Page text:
North Korea says new US alliance in Indo-Pacific and submarine deal could trigger ‘nuclear arms race’

·3-min read

North Korea has said America’s “double-dealing attitude” with respect to its recent security pact with Australia and Britain could “trigger off a chain of nuclear arms race” in the Indo-Pacific region.

The US forged a trilateral security partnership last week that will involve Britain giving technological aid to Australia to develop eight nuclear-powered submarines.

The deal came amid an escalating security situation in the region as North Korea and South Korea both tested a series of missiles.

The new pact, known as the Aukus deal, has been perceived to be a counter to China, which supports North Korea and has a strong presence in the South China Sea.

“These are extremely undesirable and dangerous acts which will upset the strategic balance in the Asia-Pacific region and trigger off a chain of nuclear arms race (sic),” said North Korea’s foreign ministry in a statement on Monday carried in the state-controlled KCNA news agency.

The nuclear-powered North has said in case the country perceived “even a little” adverse impact in its security, it would take “a corresponding counter-action.”

The latest missile tests and the Aukus deal have increased challenges to denuclearise the region.

North Korea’s leader Kim Jong-un had agreed to work towards the Korean peninsula’s denuclearisation with former US president Donald Trump.

Meanwhile the UN atomic nuclear watchdog chief said on Monday that North Korea’s nuclear programme is going “full steam ahead”, in a speech to an annual general meeting of its members.

“In the Democratic People’s Republic of Korea, (the) nuclear programme goes full steam ahead with work on plutonium separation, uranium enrichment and other activities,” Grossi told the IAEA gathering . The agency issued a report last month saying Pyongyang appeared to have restarted a nuclear reactor that is widely believed to have produced plutonium for nuclear weapons

North Korea’s relationship with the US, which then showed signs of thawing on the surface, has now shifted under current president Joe Biden, under whom the Aukus deal was signed.

The statement by North’s foreign ministry singled out White House spokeswoman Jen Psaki’s remarks on the deal. Ms Psaki’s comment stating that the US did not want conflict with China, was dubbed as hypocritical by North Korea.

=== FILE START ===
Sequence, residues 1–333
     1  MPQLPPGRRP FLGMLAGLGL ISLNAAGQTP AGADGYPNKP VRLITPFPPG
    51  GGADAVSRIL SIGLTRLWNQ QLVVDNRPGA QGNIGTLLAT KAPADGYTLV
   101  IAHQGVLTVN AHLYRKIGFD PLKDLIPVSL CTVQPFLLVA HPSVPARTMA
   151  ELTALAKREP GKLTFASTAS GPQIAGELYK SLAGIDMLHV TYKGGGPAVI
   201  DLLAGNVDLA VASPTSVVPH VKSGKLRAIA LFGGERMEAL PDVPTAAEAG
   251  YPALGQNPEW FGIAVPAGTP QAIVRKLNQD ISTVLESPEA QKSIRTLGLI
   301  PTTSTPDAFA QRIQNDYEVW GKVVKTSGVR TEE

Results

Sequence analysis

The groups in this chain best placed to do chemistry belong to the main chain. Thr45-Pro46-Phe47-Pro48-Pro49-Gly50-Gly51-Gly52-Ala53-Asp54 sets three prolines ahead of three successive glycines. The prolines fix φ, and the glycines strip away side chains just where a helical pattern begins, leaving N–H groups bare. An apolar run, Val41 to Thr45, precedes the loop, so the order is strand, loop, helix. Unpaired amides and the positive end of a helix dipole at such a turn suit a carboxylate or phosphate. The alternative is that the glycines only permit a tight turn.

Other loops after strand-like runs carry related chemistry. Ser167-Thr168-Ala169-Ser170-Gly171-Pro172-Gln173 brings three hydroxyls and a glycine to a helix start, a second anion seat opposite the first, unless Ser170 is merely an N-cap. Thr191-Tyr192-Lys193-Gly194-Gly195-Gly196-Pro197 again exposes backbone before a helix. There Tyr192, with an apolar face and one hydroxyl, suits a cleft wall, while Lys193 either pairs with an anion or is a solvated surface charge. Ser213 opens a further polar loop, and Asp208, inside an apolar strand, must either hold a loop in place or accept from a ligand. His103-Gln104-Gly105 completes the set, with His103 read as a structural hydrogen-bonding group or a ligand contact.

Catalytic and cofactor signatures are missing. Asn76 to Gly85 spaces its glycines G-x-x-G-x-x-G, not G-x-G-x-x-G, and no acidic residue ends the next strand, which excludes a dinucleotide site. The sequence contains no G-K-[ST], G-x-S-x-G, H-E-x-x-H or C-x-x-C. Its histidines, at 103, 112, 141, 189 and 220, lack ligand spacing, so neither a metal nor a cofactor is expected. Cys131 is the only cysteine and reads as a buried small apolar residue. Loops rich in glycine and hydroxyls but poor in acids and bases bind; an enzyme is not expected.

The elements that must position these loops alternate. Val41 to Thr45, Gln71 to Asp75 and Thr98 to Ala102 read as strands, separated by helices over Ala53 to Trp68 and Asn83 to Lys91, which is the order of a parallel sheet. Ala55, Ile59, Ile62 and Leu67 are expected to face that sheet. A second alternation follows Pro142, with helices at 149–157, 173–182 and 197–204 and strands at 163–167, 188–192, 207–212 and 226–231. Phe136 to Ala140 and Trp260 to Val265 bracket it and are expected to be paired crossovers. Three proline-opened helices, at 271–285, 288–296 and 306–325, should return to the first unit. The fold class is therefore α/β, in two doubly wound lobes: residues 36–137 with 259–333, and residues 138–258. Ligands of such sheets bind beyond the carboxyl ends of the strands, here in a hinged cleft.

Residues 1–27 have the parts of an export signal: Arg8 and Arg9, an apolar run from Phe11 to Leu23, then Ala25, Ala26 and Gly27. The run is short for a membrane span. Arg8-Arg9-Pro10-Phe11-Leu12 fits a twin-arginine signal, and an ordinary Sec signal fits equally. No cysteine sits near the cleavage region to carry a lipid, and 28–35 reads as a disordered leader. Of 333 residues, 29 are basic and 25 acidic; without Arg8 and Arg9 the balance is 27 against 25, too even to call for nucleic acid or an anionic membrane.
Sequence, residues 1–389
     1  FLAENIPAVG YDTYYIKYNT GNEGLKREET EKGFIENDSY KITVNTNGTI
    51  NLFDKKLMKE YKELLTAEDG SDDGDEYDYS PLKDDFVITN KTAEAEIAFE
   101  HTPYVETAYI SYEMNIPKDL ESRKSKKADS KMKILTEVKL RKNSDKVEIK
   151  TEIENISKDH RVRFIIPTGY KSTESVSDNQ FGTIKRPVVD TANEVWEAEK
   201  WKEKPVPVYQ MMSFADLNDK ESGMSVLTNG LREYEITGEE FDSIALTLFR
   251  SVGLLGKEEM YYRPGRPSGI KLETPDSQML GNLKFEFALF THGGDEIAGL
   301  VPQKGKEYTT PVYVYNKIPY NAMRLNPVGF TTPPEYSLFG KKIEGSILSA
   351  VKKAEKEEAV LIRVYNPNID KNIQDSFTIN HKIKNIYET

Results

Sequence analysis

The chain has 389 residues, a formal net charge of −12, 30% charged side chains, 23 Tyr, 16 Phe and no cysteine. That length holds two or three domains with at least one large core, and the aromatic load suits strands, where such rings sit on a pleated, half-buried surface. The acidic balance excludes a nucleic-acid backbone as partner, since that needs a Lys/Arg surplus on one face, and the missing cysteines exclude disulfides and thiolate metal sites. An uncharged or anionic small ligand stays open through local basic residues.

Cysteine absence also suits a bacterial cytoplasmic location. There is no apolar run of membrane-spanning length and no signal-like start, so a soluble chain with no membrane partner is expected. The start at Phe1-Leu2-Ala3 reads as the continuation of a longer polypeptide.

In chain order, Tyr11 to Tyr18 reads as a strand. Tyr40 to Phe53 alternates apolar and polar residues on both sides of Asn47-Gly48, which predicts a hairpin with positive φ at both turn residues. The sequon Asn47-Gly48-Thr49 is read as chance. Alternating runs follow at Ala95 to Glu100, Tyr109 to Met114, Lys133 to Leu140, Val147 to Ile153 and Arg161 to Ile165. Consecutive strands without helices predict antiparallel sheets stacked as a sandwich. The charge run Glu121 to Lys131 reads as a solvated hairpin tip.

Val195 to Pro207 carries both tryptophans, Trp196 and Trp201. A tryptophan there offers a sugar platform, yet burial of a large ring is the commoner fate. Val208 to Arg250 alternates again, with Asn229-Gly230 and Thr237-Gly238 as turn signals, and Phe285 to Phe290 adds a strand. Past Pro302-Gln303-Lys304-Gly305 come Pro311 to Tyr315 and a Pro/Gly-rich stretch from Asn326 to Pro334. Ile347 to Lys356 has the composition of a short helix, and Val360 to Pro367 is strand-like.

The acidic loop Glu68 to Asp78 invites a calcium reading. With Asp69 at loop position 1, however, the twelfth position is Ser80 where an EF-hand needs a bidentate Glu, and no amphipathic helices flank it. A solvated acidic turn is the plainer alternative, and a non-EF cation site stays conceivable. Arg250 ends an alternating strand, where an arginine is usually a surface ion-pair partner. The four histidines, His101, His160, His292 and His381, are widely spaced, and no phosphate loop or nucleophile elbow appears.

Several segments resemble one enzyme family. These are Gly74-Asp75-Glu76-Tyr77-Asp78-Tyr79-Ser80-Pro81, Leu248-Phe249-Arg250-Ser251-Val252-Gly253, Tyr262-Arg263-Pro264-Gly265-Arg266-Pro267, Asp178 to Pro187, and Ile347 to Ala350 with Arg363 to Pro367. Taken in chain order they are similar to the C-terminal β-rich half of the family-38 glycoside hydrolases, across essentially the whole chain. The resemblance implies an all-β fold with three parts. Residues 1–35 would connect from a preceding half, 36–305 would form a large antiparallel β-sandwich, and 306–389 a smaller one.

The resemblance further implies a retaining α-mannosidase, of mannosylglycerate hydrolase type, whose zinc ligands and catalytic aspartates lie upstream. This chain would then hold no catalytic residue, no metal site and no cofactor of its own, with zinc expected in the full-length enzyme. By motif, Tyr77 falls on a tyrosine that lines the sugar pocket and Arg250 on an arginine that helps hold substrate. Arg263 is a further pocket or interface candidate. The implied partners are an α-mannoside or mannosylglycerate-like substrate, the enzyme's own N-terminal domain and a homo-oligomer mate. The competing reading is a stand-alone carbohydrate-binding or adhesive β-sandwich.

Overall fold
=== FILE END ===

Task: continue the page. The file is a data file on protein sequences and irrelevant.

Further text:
The comment by Ms Psaki “amounts to a stand that any country can spread nuclear technology if it is in its interests, and this shows that the US is the chief culprit toppling the international nuclear non-proliferation system,” the foreign ministry said.

The Aukus deal did not just come under attack by North Korea, but also by France, which has accused Australia of hiding its intentions to back out of an earlier AUS$90 billion (£47bn) contract for the French majority state-owned Naval group to build 12 diesel-electric submarines.

Australia’s prime minister Scott Morrison said the security situation in the region was to blame.

An unnamed North Korean foreign ministry official seemingly seized on France’s criticism, without naming the country, and said the US was accused of back stabbing, even by its allies, according to the Associated Press (AP).

“The current situation shows once again that (our) efforts to bolster national defense capabilities based on long-term perspectives should not be eased by even a bit,” the official was quoted as saying by AP.

The US and North Korea had begun nuclear negotiations, but they stalled after a second meeting between Mr Trump and Kim Jong-un in 2019.

Meanwhile, the North attacked its neighbour South Korea, deriding its submarine-launched ballistic missile as “clumsy work”, with a “sloppy” weapon that did not even have the shape of a submarine-launched ballistic missile.

Additional reporting by agencies

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